git-annex-initremote − creates a special (non−git) remote
git annex initremote name type=value [param=value ...]
Creates a new special remote, and adds it to .git/config.
Example Amazon S3 remote:
git annex initremote mys3 type=S3 encryption=hybrid [email protected] datacenter=EU
Many different types of special remotes are supported by git-annex. For a list and details, see <https://git-annex.branchable.com/special_remotes/>
The remote’s configuration is specified by the parameters passed to this command. Different types of special remotes need different configuration values, so consult the documentation of a special remote for details. The command will prompt for any required parameters you leave out; you can also pass −−whatelse to see additional parameters.
A few parameters that are supported by all special remotes are documented in the next section below.
Once a special remote has been initialized once with this command, other clones of the repository can also be set up to access it using git annex enableremote.
The name you provide for the remote can’t be one that’s been used for any other special remote before, because git-annex enableremote uses the name to identify which special remote to enable. If some old special remote that’s no longer used has taken the name you want to reuse, you might want to use git annex renameremote.
−−whatelse / −w
Describe additional configuration parameters that you could specify.
For example, if you know you want a S3 remote, but forget how to configure it:
git annex initremote mys3 type=S3 −−whatelse
When initializing a remote that uses encryption, a cryptographic key is created. This requires sufficient entropy. If initremote seems to hang or take a long time while generating the key, you may want to Ctrl−c it and re−run with −−fast, which causes it to use a lower−quality source of randomness. (Ie, /dev/urandom instead of /dev/random)
Use this when the new special remote uses the same underlying storage as some other remote. This will result in the new special remote having the same uuid as the specified remote, and either can be used to access the same content.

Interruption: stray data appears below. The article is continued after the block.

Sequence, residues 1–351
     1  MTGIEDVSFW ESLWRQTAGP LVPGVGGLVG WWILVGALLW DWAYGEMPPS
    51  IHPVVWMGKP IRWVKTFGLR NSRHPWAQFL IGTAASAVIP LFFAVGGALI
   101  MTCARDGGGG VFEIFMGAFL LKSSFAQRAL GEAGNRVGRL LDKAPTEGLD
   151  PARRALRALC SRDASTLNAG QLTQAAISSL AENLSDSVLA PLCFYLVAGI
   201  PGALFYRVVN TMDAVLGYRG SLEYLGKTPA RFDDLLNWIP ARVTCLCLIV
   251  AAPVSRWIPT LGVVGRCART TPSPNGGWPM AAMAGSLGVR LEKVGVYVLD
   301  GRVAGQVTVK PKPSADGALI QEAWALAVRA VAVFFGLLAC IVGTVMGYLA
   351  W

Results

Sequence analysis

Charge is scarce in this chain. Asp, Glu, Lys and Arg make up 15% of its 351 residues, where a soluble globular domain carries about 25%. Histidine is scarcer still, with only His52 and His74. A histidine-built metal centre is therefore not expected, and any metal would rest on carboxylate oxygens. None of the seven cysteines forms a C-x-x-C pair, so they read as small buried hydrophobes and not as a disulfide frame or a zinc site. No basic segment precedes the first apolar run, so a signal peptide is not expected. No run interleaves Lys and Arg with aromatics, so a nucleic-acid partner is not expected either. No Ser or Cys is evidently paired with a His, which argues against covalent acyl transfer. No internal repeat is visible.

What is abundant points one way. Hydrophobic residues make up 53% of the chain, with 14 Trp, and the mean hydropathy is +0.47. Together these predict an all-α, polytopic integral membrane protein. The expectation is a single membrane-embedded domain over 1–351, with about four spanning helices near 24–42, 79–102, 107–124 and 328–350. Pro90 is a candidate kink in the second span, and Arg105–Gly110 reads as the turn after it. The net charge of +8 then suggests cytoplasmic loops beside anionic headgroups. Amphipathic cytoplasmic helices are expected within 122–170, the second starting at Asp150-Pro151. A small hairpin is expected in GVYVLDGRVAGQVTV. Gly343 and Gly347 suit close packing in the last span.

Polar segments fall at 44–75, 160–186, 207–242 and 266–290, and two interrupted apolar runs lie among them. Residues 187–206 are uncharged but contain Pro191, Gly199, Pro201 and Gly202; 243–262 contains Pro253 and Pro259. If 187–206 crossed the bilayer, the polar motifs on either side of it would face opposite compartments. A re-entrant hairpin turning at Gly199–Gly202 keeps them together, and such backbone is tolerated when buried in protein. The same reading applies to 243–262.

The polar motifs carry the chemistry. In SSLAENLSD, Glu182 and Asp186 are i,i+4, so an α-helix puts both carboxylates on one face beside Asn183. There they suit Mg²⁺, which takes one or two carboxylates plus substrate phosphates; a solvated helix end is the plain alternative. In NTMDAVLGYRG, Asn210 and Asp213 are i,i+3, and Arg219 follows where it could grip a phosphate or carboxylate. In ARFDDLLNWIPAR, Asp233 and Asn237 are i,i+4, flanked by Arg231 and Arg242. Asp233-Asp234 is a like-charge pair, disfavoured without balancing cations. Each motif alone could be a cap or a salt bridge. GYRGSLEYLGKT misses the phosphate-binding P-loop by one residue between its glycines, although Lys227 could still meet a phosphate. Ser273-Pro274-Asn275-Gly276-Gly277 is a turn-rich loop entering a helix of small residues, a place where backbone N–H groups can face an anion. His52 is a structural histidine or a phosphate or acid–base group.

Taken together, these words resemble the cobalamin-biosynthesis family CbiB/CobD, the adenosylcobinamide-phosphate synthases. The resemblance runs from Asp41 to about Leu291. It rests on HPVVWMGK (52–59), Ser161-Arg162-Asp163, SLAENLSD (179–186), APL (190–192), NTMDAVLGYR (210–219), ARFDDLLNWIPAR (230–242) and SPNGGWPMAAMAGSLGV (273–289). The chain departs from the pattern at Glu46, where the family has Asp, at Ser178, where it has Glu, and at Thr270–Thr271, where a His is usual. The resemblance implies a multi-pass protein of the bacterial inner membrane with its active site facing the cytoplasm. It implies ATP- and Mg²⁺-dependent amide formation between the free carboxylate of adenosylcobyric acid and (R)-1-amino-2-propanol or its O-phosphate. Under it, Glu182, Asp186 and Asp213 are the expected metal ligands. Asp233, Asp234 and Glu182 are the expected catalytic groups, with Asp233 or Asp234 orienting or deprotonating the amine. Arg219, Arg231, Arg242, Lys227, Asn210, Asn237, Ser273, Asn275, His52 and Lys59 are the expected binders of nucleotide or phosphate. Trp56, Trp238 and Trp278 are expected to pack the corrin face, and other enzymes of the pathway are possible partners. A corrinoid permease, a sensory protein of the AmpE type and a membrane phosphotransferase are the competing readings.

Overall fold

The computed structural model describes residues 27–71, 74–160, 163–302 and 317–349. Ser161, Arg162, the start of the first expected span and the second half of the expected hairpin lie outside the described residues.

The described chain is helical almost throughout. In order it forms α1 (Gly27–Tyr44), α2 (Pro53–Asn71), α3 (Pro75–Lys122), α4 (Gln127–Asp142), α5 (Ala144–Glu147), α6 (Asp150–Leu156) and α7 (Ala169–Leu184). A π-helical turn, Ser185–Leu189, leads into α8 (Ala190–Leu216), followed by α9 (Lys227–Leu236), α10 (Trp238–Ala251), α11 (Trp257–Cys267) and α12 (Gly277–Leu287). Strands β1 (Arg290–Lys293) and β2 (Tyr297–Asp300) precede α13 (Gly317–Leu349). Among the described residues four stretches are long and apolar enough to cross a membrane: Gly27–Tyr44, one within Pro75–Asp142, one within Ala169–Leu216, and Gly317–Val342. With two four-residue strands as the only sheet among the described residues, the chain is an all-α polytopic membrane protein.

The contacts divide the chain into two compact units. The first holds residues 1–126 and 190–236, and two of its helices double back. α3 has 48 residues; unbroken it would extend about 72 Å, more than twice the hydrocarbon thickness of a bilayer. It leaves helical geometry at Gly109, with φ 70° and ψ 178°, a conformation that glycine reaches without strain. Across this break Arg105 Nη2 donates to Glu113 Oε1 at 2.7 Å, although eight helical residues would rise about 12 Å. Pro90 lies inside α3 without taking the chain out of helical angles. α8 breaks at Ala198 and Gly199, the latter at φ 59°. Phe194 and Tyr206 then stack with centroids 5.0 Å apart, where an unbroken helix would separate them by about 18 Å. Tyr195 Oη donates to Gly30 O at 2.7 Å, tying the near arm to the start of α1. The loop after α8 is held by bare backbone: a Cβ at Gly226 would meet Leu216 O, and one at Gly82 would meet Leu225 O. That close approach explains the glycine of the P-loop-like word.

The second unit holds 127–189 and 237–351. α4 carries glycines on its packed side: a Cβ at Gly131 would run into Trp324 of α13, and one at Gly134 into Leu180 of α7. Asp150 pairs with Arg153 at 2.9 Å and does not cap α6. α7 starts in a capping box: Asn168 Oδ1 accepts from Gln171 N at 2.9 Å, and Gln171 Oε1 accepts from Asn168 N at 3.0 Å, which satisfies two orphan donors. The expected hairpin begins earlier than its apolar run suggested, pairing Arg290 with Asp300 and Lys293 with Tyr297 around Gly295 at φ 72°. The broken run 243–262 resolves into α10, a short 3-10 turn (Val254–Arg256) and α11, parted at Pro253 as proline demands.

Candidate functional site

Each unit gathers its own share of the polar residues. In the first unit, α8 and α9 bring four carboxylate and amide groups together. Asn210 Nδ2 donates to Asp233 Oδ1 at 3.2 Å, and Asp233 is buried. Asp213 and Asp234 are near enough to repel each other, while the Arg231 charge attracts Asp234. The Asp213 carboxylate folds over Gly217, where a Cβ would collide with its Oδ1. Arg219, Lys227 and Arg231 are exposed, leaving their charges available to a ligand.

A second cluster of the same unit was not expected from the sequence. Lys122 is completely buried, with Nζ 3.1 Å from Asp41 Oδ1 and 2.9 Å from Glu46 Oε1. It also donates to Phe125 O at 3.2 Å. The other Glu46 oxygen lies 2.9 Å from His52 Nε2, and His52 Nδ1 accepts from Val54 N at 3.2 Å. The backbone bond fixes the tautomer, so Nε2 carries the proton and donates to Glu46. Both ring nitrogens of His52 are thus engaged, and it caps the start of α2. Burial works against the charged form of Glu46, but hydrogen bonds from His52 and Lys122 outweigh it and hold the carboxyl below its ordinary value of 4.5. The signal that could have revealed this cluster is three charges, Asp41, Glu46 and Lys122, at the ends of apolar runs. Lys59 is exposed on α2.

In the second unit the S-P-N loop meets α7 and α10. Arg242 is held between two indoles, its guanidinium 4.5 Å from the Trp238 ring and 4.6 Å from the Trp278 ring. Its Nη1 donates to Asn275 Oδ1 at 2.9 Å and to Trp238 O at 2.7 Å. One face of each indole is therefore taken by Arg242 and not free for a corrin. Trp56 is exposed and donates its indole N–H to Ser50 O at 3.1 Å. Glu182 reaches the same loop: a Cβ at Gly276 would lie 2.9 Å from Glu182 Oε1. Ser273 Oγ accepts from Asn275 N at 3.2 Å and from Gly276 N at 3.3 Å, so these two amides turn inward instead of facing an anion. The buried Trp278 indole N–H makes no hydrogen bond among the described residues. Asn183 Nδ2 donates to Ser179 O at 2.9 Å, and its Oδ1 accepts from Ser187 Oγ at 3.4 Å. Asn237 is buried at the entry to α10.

The remote can be the name of a git remote, or the description or uuid of any git-annex repository.
When using this option, the new remote inherits the encryption settings of the existing remote, so you should not specify any encryption parameters. No other configuration is inherited from the existing remote.
This will only work if both remotes use the underlying storage in compatible ways. See this page for information about known compatabilities. <http://git-annex.branchable.com/tips/multiple_remotes_accessing_the_same_data_store/>
Avoid recording information about the special remote in the git-annex branch. The special remote will only be usable from the repository where it was created.
Also the git-annex−common−options(1) can be used.
Almost all special remotes support encryption. You will need to specify what encryption, if any, to use.
If you do not want any encryption, use encryption=none
To encrypt to a GPG key, use encryption=hybrid keyid=$keyid ... and fill in the GPG key id (or an email address associated with a GPG key).
For details about this and other encrpytion settings, see <https://git-annex.branchable.com/encryption/> or −−whatelse
To avoid git annex enableremote needing to be run, you can pass "autoenable=true". Then when git-annex is run in a new clone, it will attempt to enable the special remote. Of course, this works best when the special remote does not need anything special to be done to get it enabled.
Normally, git-annex initremote generates a new UUID for the new special remote. If you want to, you can specify a UUID for it to use, by passing a uuid=whatever parameter. This can be useful in some unusual situations. But if in doubt, don’t do this.
Joey Hess <[email protected]>